Now, I don’t know about you, but I read cookbooks from cover to cover along with a stack of sticky notes to mark the recipes that I will be trying.  You should also probably know that I am a self professed cookbook junkie, having spent years building a library that would rival the most intense cook among us.  But like cats, there is always room for one more.   One afternoon while reading this book, page after page, sitting the waiting room of the doctors office, I discovered this lovely recipe for Ground Beef Wellington.  This was the answer!  I was so excited, I believe I embarrassed my daughter but at 13 that is not hard to do. 

So, now I had everything I needed, a great recipe, an answer to the expensive problem and you.  Everyone can afford a pound of ground beef, along with the other ingredients, this dish did not cost a lot to make.  In all, this dish can cost anywhere from $10.00 to $15.00 depending on if you purchase organic meat or regular.  The puff pastry is around $4.00 and the other ingredients are all easy to come by.  Don’t want to use Portabellos?  Use Criminis they are smaller and they are actually baby portobellos, or you can just use regular white button mushrooms.  But don’t leave out the mushrooms and don’t forget that potato is important too, because the starch from it will help to absorb any of the liquid from the veggies and meat as it cooks in it’s little pastry cocoon.  I made the mistake of leaving out the potato, and while the dish was still amazing, I saw why the spud was necessary.

So without further Adieu, I give you the fanciest meatloaf you will ever make:  Ground Beef Wellington.





GROUND BEEF WELLINGTON






Here is what you will need to make this dish:

1 medium onion chopped
1 carrot chopped
2 stalks of celery chopped
2 garlic cloves chopped
2 Portobello Mushrooms roughly chopped
1 potato finely diced
Olive oil (around a tablespoon)
1 Teaspoon of Marjoram, Thyme or Rosemary
1 Large egg beaten
Sea salt
Cracked Black Pepper
2 Sheets Puff Pastry (I used 1 box of Pepperidge Farm Brand it’s in the freezer)

In a large skillet heat olive oil.  Sautee’ all veggies until soft and the potato is fully cooked, around 15 minutes.  Place the hot veggies on a small baking sheet and spread out into a thin layer.  Place the sheet in the fridge for around 15 minutes and allow to cool.

In a large bowl, combine the veggies, ground beef, salt, pepper, herb of your choice and half of the beaten egg.  Blend with your hands until the mixture is well combined.  Set aside while we work with the pastry.

Lightly flour a board or your counter and take the puff pastry and unfold both sheets and slightly overlap them and roll together.  Do not make the mistake of leaving them out for too long, because they will stick to themselves as mine did, but I just rolled them together with a rolling pin and everything was fine.

Your puff pastry should be around 12 inches by 16 inches with the long side in front of you.  Take the meat mixture and form a long log or sausage shape toward the long front side of the pastry.  Brush the remaining egg mixture along all edges, this will act as a glue to keep the pastry together while cooking.  Roll the pastry around the beef mixture and roll, leaving the seam side down under the log and pinching the ends together so the whole thing looks like a loaf of French bread.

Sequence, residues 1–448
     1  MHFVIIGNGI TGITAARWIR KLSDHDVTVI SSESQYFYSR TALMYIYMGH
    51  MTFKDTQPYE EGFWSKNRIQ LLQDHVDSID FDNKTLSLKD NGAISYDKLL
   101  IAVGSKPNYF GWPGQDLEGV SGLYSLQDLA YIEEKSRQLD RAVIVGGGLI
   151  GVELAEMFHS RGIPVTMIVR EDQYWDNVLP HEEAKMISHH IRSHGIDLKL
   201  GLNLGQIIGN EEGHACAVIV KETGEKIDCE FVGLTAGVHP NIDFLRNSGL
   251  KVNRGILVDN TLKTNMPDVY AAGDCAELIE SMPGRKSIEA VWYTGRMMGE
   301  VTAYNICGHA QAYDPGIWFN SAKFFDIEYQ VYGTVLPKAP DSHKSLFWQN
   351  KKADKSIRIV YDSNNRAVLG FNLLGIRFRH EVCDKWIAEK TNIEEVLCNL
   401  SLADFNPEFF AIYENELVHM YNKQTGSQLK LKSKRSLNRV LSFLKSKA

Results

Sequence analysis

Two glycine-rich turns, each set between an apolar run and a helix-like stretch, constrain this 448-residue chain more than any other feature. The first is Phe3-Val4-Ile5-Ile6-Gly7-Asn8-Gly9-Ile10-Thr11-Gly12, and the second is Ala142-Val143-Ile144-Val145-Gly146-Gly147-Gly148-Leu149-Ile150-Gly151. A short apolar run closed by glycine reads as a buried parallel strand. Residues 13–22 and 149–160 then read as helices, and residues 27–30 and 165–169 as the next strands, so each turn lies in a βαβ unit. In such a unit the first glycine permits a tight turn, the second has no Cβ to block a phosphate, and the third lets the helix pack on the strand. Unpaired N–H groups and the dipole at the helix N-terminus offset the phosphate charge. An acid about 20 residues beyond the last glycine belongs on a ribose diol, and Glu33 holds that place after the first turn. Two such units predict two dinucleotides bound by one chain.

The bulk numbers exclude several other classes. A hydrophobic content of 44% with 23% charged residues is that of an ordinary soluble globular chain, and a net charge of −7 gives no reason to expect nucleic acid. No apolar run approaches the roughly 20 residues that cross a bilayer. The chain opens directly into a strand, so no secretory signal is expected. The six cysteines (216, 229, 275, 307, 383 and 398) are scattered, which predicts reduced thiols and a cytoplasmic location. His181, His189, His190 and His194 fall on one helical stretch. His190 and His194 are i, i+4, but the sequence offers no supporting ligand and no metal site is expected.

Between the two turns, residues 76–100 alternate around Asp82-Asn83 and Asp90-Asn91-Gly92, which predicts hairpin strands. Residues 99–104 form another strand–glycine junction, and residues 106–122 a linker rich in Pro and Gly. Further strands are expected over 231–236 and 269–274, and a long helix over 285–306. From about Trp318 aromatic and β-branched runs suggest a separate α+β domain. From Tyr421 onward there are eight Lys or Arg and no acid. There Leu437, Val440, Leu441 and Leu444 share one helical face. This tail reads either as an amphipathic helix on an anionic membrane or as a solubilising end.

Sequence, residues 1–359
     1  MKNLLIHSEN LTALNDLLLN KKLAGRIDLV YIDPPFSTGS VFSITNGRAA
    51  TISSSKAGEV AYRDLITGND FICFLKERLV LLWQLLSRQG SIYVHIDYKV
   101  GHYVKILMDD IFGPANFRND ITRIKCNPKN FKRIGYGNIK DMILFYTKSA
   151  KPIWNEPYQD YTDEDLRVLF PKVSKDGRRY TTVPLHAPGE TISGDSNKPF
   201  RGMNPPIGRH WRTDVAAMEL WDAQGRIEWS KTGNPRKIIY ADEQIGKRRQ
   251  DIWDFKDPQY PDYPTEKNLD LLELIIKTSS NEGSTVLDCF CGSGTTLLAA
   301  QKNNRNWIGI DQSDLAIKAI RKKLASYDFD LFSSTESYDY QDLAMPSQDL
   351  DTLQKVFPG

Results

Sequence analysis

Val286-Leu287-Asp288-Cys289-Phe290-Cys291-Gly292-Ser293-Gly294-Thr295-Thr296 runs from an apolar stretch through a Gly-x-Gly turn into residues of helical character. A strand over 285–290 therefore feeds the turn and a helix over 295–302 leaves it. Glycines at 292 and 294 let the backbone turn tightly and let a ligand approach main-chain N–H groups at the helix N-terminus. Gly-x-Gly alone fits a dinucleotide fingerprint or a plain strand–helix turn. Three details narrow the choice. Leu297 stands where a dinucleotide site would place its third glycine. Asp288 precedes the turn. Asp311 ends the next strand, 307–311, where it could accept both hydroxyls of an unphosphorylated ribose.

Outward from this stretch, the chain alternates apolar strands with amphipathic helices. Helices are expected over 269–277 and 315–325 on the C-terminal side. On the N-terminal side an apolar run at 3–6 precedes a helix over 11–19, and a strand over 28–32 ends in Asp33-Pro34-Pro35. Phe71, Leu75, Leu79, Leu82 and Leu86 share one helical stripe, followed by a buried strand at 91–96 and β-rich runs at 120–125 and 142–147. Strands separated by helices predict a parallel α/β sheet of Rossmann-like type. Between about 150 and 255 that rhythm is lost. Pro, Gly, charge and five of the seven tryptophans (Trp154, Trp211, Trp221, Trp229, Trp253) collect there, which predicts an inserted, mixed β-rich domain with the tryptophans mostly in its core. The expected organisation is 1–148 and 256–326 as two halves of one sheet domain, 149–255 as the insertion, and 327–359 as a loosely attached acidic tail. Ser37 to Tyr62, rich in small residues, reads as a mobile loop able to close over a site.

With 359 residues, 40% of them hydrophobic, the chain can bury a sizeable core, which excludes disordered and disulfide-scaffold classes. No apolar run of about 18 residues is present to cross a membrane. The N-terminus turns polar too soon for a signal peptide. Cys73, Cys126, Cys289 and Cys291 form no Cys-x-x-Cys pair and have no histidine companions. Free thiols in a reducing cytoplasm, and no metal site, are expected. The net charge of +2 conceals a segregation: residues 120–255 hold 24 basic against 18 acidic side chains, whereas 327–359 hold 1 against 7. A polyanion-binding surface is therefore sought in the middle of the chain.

Transfer to a baking sheet line with parchment paper and bake at 350 degrees for 1 hour.  Remove from oven and allow to cool for 10 minutes before slicing. 

I served this with steamed cauliflower with browned butter bread crumbs.  There is no need to make a starch because the puff pastry is rich enough.  A green salad on the side would be a lovely addition as well. 

I hope you try this and I hope you enjoy it.  Look for Jamie Oliver’s Food Revolution Cookbook, along with this recipe there are lots more that are wonderful and I look forward to making some of them for you.  I also understand that he is coming out with a new book very soon dealing with 30 minute meals.  Check it out, you will not be disappointed! 

I hope you try this and I hope you enjoy it.  As always Happy Eating!

Sunday, August 29, 2010

What's for Dinner? Quick Weeknight Quick Potato Soup

This week was the beginning of the new school year in our area.  My girls started school this past Wednesday.  Back to school always makes me wax nostalgic of my own school days.  I remember the eager anticipation of starting a new year.  Meeting a new teacher and seeing my friends on a regular basis after the long hot summer of separation.  It also reminds me of the comforting times spent around the dinner table with my family recounting the days activities.  Sharing in our happiness and our troubles.  It was a great time.  Truly a thing I did not appreciate until I had grown and realized how great it truly was.  As they say, absence makes the heart grow fonder.  This is true of people and of times in our lives.